"It's been a lot of fun," he said. "These cars are a big challenge, but every session I've been getting faster and faster. You've got to treat them with respect, especially in the high-speed stuff. You can take some corners flat in a BTCC car, but if you do it in one of these it'll bite you."
Thommo's mum knows best
Two-time BTCC champion James Thompson continued his busy season at his local circuit and was able to bring his mum to the races for the first time since the same event in 2006.
Barbara Thompson and her husband, the late David Thompson of rallying fame, were always staunch supporters of their son's career, to the effect that Mrs Thommo was unwittingly the catalyst behind James's switch to tin-tops.
"He'd been racing in Vauxhall Junior and we didn't really have the money to commit to him going further in single-seaters, because you know how businesses can fluctuate," she said. "Then I saw this advert in AUTOSPORT for a Honda scholarship and told him he should apply for it."
Young James, then only 18 years old, did what his mum told him and earned a place in Honda's six-car line-up of Civic V-Tecs in the National Saloon series. He dominated, and a touring car career was born.
In fact, you can make that four touring car careers, at least as far as 2009 is concerned, for now he has commitments in Britain with his Team Dynamics Civic, Denmark with a Honda Accord, the Aussie V8 enduros with Triple 8 and... the WTCC in a Lada. Which one's the priority?
"Everybody knew I was doing the Australian races and I'm committed to Triple 8 for those races and tests," said Thommo. "They were the first to give me a job when I had nothing at the start of the year. As it transpires I'm now super-busy!"
Big weekend for Yorkshire Moores
Sarah Moore © LAT
That meant the Moore family was committed to Croft, as father Simon runs the Tockwith Motorsport squad that includes up to eight of the little 1400cc Juniors, which always provide a highlight of the racing at TOCA weekends.
"We all went to Le Mans on Tuesday and Wednesday of this week and saw night-time testing before we came back here," said Moore Sr. "We'd love to be out there still, but Juniors are our bread and butter."
That's not the only side to the business. For 39 years the Moore family has run the Tockwith airfield, which includes a skid pan, karts, a rally track and a proving ground. A properly-surfaced test track is in the pipeline, and there's also a karting team.
There is great excitement, including the national media, over young Sarah. Her speed and ice-cool racecraft suggest she has the potential to follow in the footsteps of big brother Nigel, who won the Junior title in 2007 before dominating the Ginetta G50 Cup last year. But, according to dad, they are chalk and cheese.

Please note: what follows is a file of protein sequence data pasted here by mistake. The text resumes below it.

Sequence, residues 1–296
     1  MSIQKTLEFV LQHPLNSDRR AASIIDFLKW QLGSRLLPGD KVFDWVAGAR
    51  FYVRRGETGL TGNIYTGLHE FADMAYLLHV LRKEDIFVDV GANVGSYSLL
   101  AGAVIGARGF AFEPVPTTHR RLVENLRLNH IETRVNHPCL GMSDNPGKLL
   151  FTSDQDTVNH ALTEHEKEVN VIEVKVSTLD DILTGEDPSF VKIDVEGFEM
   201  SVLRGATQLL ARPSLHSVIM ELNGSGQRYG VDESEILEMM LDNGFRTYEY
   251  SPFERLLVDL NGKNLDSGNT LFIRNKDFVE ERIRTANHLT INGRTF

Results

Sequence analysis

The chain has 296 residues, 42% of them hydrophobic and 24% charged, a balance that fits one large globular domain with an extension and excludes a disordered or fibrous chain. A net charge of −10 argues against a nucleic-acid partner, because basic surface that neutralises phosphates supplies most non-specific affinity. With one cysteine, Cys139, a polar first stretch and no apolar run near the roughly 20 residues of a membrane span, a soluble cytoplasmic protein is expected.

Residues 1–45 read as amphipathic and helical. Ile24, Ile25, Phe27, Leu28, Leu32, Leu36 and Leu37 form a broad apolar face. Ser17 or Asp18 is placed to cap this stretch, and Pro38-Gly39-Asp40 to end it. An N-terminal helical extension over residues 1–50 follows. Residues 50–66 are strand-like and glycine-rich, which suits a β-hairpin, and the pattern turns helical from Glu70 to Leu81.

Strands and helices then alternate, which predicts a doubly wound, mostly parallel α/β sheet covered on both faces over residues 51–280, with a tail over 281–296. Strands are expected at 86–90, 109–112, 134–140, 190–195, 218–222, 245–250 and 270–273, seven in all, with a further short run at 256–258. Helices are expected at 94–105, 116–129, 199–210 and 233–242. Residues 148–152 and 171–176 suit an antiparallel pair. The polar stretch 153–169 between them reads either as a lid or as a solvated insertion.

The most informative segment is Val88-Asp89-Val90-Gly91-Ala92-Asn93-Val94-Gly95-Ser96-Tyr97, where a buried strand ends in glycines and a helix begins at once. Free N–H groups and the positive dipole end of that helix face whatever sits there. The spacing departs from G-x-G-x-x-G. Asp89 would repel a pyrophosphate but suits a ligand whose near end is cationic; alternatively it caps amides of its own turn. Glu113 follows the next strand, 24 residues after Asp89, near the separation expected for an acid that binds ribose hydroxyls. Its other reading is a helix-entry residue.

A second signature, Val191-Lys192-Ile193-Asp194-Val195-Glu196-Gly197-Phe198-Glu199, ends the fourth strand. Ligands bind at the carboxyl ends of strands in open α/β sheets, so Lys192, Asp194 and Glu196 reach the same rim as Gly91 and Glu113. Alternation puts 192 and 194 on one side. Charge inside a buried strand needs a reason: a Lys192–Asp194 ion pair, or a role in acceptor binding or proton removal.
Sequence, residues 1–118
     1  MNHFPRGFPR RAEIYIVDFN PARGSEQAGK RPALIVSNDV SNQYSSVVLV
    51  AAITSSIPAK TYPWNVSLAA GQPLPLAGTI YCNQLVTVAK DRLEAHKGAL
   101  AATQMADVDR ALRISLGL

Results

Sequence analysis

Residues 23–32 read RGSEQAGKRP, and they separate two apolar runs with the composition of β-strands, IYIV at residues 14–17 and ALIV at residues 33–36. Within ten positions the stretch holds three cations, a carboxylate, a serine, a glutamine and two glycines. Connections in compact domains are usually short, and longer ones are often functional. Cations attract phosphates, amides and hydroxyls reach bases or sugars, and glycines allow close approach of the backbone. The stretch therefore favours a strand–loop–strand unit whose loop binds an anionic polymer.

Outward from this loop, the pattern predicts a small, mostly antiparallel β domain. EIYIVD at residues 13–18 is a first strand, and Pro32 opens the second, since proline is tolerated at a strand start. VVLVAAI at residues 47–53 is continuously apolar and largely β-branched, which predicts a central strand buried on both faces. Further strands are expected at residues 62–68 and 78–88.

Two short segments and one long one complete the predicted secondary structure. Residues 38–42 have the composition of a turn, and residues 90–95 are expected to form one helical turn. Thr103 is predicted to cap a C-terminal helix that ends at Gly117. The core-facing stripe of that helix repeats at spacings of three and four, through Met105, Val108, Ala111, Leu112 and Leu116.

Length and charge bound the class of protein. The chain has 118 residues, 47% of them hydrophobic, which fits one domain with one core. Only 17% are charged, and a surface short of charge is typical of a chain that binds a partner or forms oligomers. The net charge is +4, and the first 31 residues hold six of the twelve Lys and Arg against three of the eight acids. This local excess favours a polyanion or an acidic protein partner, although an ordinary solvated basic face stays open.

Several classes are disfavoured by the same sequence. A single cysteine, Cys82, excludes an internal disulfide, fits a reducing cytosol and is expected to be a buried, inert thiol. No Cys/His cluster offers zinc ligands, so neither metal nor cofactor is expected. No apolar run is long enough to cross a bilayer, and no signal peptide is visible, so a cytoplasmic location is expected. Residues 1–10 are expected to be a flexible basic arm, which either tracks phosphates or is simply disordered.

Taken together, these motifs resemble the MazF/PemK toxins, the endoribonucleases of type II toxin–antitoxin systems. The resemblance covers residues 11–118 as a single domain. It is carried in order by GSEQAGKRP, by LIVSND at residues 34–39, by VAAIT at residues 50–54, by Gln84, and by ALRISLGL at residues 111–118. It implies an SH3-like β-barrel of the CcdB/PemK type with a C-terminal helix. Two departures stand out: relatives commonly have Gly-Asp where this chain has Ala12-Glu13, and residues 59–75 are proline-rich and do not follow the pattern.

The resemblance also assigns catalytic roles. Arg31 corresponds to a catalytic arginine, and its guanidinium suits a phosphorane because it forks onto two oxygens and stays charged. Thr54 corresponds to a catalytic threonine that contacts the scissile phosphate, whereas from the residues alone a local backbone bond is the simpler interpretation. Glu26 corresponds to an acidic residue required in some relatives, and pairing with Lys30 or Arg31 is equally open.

"Nigel has such big balls that he has the hair standing up on the back of my neck. Sarah is consistent, doesn't throw it about and doesn't shred tyres. We drum it into her that finishing's important. David is in his first season and needs reining in a bit, but his car has had a few problems as well."
And if you thought three racing siblings was noteworthy, consider that there are two more set to follow... "Eddie's nine, and he's going to be another Nigel, you can tell," smiles Moore Sr. "He's on the skidpan after school every day. Gemma, who's five, has just had a bad roll in a kart and wrote off her crash helmet, but she wasn't fazed!"
As it turned out, Nigel failed to finish Le Mans and Sarah was caught up in a skirmish at Croft, but don't be surprised to hear a lot more about the Moores.
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Marcus Simmons is the deputy editor of Autosport magazine. As a child he was a regular on the chalk banks of Thruxton, before becoming an MSA timekeeper at the age of 17. Shortly afterwards, he started reporting for Motoring News and joined the staff in 1990.
After abandoning a parallel Formula First career – which had been as incident-packed as his childhood equestrian exploits – he moved to Autosport in 1996. Since then he has had two stints as a freelance and a brief spell as editor of Motor Sport magazine, during which the revered green cover was revived, before rejoining Autosport in 2008. He lives in Twickenham with his partner, two daughters, cat and guitars.